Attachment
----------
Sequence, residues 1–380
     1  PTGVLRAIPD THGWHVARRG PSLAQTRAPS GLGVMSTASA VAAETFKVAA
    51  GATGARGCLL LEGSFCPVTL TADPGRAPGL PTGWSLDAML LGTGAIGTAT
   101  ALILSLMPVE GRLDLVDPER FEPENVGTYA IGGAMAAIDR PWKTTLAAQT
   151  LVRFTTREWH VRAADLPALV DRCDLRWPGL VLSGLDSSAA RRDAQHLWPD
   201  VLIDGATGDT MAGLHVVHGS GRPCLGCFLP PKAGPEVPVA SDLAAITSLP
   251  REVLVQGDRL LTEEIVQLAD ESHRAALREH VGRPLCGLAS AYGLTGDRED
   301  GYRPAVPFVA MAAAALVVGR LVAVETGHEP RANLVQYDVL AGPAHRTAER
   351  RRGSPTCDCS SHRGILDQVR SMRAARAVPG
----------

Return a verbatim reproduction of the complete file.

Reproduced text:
Sequence, residues 1–380
     1  PTGVLRAIPD THGWHVARRG PSLAQTRAPS GLGVMSTASA VAAETFKVAA
    51  GATGARGCLL LEGSFCPVTL TADPGRAPGL PTGWSLDAML LGTGAIGTAT
   101  ALILSLMPVE GRLDLVDPER FEPENVGTYA IGGAMAAIDR PWKTTLAAQT
   151  LVRFTTREWH VRAADLPALV DRCDLRWPGL VLSGLDSSAA RRDAQHLWPD
   201  VLIDGATGDT MAGLHVVHGS GRPCLGCFLP PKAGPEVPVA SDLAAITSLP
   251  REVLVQGDRL LTEEIVQLAD ESHRAALREH VGRPLCGLAS AYGLTGDRED
   301  GYRPAVPFVA MAAAALVVGR LVAVETGHEP RANLVQYDVL AGPAHRTAER
   351  RRGSPTCDCS SHRGILDQVR SMRAARAVPG